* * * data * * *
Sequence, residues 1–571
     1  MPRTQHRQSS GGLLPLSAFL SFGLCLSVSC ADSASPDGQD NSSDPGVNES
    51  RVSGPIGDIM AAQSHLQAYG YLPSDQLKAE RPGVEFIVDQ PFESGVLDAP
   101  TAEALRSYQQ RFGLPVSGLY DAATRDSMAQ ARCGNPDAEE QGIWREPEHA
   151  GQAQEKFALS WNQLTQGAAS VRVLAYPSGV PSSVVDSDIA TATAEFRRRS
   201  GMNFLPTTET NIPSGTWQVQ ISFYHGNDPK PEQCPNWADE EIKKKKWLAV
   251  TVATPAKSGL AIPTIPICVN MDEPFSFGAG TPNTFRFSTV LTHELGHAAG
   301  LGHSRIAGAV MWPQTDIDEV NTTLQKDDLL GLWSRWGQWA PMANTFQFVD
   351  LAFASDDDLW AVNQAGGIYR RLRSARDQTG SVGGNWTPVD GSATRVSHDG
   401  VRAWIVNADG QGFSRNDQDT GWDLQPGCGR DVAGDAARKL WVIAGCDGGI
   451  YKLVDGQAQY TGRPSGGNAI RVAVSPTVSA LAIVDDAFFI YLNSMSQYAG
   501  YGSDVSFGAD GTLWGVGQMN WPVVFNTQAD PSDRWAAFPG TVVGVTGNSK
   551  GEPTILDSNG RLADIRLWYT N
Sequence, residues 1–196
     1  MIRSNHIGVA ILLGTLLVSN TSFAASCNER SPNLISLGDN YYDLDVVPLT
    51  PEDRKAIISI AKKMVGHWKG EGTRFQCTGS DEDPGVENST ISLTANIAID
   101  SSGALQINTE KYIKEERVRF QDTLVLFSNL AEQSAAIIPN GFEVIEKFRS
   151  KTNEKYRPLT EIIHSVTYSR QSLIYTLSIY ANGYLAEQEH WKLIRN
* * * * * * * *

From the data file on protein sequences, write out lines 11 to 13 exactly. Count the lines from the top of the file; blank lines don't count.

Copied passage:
   451  YKLVDGQAQY TGRPSGGNAI RVAVSPTVSA LAIVDDAFFI YLNSMSQYAG
   501  YGSDVSFGAD GTLWGVGQMN WPVVFNTQAD PSDRWAAFPG TVVGVTGNSK
   551  GEPTILDSNG RLADIRLWYT N